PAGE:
Dirt from shoes. Snow and rain and yuck. Spilled drinks and sticky gum.
Metro's burgundy carpets are evolving to a bland brown thanks to a daily dose of gross. And now Metro's top officials are thinking about ripping them out and replacing them with a speckled black, hard surface.
"It was a great idea when they built the system to put carpet in the cars. ... People take longer trips, and they want to have more of a commuter train feel instead of a subway feel," Metro General Manager Richard Sarles told the D.C. Council. But despite periodic shampooing, "[The carpet] just, as we all know, it doesn't do too well."
Sarles said the new waterproof surface has already been tested.
"If the test is fully successful, you may see us move away from carpet in the now-existing [rail car] fleet," he said. "But that decision hasn't been made yet."
Metro also is expecting its first cars from the new 7000 series to arrive in the summer of 2015, and the last to arrive in 2017, Sarles said. The snazzy new cars will feature rubber, no-slip floors, better safety mechanisms and signs to let riders know where their train is and which stations are coming up.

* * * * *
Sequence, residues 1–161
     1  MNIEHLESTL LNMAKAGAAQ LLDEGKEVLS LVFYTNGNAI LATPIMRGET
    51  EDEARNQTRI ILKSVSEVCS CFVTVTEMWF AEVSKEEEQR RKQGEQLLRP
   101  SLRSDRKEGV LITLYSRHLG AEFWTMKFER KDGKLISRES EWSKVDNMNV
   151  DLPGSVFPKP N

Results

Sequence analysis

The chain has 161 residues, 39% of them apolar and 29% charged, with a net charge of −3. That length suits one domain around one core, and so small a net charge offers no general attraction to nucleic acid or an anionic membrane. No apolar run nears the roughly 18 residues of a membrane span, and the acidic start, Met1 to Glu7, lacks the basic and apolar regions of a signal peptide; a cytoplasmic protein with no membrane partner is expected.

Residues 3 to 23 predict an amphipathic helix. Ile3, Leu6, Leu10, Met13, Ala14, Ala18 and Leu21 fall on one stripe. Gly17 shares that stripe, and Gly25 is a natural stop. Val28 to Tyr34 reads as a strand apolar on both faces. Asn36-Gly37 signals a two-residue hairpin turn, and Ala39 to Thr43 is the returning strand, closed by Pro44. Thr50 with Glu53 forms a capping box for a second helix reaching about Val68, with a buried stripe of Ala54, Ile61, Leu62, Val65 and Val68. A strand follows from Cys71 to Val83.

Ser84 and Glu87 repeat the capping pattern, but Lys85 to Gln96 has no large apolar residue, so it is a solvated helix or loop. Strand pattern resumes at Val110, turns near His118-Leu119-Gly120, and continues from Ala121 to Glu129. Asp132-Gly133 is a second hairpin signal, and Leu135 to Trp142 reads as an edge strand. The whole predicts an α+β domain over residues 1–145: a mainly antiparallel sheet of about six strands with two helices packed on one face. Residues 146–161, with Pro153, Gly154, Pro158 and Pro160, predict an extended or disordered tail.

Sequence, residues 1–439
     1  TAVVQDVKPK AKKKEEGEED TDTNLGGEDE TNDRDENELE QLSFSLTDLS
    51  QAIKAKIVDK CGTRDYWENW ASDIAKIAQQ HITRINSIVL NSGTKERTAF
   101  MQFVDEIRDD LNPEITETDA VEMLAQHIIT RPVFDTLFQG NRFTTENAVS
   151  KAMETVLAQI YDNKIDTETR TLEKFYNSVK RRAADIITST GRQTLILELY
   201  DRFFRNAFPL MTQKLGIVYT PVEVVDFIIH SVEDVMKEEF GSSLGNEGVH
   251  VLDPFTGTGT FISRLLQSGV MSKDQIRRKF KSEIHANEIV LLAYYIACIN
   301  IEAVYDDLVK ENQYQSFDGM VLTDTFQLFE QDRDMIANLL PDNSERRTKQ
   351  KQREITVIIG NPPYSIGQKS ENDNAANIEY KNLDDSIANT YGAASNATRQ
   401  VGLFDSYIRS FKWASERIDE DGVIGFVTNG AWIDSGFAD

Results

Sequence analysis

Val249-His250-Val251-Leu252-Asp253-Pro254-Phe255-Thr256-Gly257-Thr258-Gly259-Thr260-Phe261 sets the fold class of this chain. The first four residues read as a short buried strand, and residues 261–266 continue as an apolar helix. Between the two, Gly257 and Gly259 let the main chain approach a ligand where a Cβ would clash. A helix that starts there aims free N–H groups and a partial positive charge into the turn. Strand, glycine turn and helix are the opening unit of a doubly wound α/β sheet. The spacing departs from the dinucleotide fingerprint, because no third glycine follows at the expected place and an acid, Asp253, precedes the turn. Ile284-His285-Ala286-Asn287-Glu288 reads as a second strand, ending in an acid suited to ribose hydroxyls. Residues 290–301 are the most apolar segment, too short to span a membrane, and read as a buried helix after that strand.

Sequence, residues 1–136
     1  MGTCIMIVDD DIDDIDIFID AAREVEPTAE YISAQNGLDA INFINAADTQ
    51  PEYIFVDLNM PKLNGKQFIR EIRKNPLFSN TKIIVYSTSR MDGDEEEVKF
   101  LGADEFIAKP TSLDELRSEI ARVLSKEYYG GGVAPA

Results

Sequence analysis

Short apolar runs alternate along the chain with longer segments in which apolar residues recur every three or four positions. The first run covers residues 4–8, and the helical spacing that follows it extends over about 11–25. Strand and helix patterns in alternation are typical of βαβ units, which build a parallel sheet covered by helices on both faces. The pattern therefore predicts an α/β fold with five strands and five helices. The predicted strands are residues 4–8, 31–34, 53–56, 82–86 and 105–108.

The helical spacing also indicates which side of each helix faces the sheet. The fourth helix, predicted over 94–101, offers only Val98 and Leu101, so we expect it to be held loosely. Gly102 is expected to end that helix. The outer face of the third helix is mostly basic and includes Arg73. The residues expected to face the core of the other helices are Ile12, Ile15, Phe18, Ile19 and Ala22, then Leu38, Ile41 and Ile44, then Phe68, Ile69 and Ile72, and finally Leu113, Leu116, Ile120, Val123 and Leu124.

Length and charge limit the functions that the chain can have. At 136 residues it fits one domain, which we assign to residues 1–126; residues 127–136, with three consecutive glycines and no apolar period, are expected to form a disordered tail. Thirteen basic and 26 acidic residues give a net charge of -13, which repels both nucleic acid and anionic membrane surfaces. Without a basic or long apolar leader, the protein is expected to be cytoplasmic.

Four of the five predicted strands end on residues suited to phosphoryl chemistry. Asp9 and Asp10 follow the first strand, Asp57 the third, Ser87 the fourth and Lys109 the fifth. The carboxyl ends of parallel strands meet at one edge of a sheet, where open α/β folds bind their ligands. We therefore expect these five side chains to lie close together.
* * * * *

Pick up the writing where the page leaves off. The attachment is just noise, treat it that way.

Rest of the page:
"If we arrange it right, we might be able to tell you what restaurants are in the neighborhood," Sarles said.
The 7000 series will help Metro have enough rail cars to run the new Silver Line, which is scheduled to open to Reston at the end of the year, officials say. The new cars also will replace Metro's oldest rail cars, the 1000 series, which national safety officials have criticized for collapsing during crashes. The nine people who died on the Red Line in 2009 were in a 1000 series car.
Sarles said Metro also may replace its cantankerous 4000 series rail cars with more 7000 series cars as well, since the 4000 group breaks down often.
But that wouldn't be anytime soon, he said.
"You wouldn't see those cars until the end of this decade," he said.